Renaissance subjectivity implied a restoration of religious idealism at an aesthetic level, and was sublimated into material glory. Giotto’s St. Francis, flying a Christ-kite, illustrates the Jesuitical condition where belief is an artifice performed for the masses, and which the technicians are separated from. This casts an abysmal trompe l’oiel, where the painting itself is also a kite flown by the Dedalean Giotto, who captures us into the scene of the crucifixion. The baroque elite must ensure the maintenance of a technical infrastructure that supports the performance of the symbolic act. Class relations are represented according to the two sides of this performance, so that one is either a Semite in the audience of the puppet theater, or else they are behind the curtains with the hedo-Hellenistic technicians running the machinations. These two dimensions intersect in the Parmenidean concept of the void, which is the piety of science and its desert of rationalism, which is the heart of technocratic societies.  Initiation into calculus is such a decisive passage in modern technical education because technocracy is a cult of the continuum of matter. Science operates a hieroglyphic double, which is an epistemological asceticism that reflects a Patrician repose. This dimension of coldness and cruelty is bereft of the amorous characteristics of the Christian God. The congregation cannot escape from the Semitic puppet theatre because they cannot conceive God as a void, and therefore cannot access the Parmenidean dimension of the Minervic society. This capture is necessarily terminable, and eventually the people must either escape, or be killed.  Perhaps finance is the tail end of Rome, and we are witnessing the last thrashing before that terrible beast returns to the sea of oblivion.

The sentimental kitsch that circulates as leftist propaganda today indicates a group cathexis of monotheism. This way the machine of capital holds the plebeians hostage. Their religiosity prevents them from the conceiving of spiritual automatism, and so they are subjected to those of the Patricians.  The neoclassical technocracy is a political paradigm oriented around an epistemology of the void, where power hinges on access to the medium of neutrality. This way oppression is founded on the necessitation of transcendent meaning, and liberty is the experience of an immanent medium of plastic artifice. The ideology of immanence is not just a philosophical position, and is more importantly a neoclassical social ideology. Nihilism receives a bad reputation because it is associated with emotional negativity and violence, and that is a natural basis for Minervic class subjugation. The elect pay a toll for their initiation in the experience of negative emotions. This corresponds with Hobbessian and Hegelian models of social dialectic, where the ruled are relieved of their negative emotions by transferring them onto the ruler.  In today’s technocracy the negative experience of the rulers corresponds with access to the dimension of Parminedean neutrality.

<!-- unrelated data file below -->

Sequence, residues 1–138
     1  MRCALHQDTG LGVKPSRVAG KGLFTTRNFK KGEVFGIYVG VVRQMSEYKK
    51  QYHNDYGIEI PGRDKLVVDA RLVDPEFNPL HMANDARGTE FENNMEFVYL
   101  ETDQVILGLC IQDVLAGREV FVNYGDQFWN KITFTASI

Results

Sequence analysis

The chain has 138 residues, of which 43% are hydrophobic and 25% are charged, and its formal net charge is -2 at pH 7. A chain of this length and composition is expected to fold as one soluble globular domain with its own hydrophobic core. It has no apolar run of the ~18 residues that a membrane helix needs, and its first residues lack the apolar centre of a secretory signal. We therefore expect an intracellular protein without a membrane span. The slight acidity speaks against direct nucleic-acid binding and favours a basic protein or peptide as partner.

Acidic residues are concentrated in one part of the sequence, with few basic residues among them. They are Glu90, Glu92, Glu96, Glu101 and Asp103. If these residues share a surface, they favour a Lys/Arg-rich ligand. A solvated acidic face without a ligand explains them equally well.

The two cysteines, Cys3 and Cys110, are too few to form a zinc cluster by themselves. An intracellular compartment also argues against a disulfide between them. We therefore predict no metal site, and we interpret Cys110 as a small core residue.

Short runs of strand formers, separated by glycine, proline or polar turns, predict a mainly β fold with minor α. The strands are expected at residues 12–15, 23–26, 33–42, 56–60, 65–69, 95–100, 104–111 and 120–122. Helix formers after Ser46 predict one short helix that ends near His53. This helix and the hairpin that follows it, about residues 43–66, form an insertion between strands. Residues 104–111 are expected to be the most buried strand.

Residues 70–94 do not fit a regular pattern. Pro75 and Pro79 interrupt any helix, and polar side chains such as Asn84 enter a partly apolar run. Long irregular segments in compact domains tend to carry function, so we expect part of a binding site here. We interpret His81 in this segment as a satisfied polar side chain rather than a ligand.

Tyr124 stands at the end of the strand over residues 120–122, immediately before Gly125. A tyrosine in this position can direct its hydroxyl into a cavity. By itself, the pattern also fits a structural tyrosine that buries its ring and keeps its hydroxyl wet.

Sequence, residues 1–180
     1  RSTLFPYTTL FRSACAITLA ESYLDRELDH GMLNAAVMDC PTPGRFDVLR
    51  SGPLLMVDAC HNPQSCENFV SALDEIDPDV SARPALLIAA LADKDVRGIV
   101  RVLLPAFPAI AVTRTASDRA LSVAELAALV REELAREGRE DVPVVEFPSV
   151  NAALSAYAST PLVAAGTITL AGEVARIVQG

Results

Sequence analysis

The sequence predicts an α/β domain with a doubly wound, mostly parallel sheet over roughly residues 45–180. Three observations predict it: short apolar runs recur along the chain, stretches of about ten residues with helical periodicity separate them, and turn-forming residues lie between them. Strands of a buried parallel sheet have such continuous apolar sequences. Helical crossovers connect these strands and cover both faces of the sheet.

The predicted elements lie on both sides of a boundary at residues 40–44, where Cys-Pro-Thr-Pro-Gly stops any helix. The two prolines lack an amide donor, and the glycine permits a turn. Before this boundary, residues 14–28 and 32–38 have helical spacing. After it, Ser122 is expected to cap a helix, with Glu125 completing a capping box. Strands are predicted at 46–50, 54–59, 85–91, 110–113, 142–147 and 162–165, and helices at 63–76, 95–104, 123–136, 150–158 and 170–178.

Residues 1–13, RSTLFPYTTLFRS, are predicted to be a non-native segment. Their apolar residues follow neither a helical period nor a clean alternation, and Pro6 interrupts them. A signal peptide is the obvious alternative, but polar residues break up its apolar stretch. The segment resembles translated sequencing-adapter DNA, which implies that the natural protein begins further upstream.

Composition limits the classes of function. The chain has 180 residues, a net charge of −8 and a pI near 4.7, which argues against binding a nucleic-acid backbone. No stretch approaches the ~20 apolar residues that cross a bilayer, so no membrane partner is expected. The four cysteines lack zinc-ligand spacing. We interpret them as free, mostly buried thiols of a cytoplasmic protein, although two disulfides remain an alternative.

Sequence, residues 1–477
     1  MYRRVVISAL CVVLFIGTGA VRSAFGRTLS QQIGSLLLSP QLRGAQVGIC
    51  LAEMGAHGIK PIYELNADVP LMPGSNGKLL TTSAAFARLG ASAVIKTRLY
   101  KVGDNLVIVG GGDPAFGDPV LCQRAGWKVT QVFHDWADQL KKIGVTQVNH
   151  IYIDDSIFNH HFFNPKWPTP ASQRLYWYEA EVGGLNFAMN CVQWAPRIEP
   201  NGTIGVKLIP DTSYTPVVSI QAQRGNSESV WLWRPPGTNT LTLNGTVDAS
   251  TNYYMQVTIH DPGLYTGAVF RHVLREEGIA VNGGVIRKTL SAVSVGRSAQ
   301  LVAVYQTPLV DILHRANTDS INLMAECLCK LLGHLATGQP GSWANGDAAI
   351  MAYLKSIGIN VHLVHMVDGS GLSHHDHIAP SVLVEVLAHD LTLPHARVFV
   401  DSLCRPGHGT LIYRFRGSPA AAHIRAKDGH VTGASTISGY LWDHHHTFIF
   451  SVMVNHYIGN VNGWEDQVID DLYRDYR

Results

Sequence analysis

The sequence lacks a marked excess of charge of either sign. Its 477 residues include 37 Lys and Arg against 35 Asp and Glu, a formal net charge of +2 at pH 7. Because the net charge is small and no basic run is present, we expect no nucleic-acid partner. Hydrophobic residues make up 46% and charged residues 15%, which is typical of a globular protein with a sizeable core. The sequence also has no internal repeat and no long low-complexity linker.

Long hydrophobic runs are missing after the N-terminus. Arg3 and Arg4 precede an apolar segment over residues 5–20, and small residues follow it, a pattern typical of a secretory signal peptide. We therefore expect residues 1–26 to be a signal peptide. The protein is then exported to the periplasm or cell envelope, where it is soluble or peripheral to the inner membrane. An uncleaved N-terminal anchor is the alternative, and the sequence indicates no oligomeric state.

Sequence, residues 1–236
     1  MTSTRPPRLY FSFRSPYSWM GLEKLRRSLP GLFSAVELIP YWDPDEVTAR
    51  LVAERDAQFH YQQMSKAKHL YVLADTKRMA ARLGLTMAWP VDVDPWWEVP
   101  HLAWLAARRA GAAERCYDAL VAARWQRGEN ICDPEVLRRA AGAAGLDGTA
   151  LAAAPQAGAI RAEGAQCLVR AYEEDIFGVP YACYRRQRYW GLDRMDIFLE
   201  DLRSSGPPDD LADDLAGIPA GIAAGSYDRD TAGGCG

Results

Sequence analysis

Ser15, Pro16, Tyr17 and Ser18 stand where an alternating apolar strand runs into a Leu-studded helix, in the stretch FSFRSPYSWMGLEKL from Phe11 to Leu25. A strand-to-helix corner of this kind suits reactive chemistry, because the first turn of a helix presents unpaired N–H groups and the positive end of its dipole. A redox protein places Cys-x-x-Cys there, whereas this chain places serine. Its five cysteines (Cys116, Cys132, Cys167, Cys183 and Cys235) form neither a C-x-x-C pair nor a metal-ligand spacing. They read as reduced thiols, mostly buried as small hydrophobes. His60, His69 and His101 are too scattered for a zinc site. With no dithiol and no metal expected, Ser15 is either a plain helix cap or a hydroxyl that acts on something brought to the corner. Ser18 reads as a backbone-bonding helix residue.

Hans Von Balthassar, arguably the most influential figure of the Second Vatican Council, wrote a book titled “The Christian and Anxiety” (1957), which begins with scriptural citations of God ordering his followers to be anxious about him alone.  This was an attempt to found a technocratic regime where it is first essential to convince everyone that God (or something else) should relieve them of their anxiety, so that people will never attempt to face the void alone.  The disburdened from anxiety has the form of an ontological proof, which makes provides immunity from Parmenidean influence, because that would cause the return of anxiety so they would flee from it. This way the publicity of the brooding romantic is used by theology in its Pavlovian manipulation of its flock through control of affects. Balthassar cites scriptural injunctions that prohibit “tarrying” and “wallowing” with negative emotions, for that is where one purportedly comes under diabolical influence. This codifies the desouvrement of the void with the marks of diabolical damnation, and those same marks put it on reserve for elites, as though they were the sons of Neptune.

The masses are subjected to a prohibition on negative emotions structurally linked with the Kantian prohibition on access nuomenal reality, and with the Semitic prohibition on images. This way technocracy generates its forbidden fruit of intellectual intuition, which only the elect may consume.  Class subordination then depends on how the void has been coded negatively by monotheism, and how the void has be reserved to God. This way the emotional trap of nihilism prevents class mobility. In this political paradigm, revolution corresponds exactly with class mobility through the void. Instead of dawning laurels, today’s revolutionaries should just move through the void, because that transgressive sea voyage can shake the financialist legacy of Rome to the ground once and for all.  Economics is critically ill, and the finality of its final demise must be symbolized.  He will die without heirs, and so perhaps we should put a stick in the ground.